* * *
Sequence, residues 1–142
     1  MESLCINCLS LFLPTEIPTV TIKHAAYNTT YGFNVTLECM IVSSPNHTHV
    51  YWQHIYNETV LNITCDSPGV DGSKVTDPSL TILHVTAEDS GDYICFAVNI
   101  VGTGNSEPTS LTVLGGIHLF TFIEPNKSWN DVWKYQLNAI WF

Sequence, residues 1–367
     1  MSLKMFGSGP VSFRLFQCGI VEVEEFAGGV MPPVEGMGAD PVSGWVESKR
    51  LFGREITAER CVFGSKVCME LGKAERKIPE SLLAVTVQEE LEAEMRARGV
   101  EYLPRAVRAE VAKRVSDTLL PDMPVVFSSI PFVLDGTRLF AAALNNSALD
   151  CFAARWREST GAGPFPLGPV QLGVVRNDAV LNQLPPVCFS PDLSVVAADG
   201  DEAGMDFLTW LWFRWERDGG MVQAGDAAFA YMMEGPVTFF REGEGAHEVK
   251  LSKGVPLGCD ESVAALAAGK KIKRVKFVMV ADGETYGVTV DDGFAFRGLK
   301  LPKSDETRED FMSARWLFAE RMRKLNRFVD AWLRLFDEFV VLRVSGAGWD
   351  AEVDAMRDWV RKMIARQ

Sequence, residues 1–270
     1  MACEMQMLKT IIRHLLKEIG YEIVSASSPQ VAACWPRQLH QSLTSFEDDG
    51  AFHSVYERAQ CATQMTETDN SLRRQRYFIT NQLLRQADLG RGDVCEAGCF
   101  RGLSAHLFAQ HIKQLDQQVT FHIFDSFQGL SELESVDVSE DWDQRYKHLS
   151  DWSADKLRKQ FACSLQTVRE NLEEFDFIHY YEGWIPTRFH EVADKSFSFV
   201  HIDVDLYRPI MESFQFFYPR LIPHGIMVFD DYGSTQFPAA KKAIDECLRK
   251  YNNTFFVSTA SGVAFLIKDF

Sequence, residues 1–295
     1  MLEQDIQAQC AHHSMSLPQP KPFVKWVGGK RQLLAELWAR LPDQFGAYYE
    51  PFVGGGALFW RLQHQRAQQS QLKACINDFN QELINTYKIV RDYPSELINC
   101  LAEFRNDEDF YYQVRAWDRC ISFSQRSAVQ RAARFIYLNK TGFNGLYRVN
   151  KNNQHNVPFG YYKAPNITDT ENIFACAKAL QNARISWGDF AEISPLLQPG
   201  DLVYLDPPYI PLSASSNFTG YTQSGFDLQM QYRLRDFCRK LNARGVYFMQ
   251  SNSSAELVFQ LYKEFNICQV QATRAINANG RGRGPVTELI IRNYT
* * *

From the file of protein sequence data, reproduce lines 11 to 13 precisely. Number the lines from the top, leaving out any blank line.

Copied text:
   251  LSKGVPLGCD ESVAALAAGK KIKRVKFVMV ADGETYGVTV DDGFAFRGLK
   301  LPKSDETRED FMSARWLFAE RMRKLNRFVD AWLRLFDEFV VLRVSGAGWD
   351  AEVDAMRDWV RKMIARQ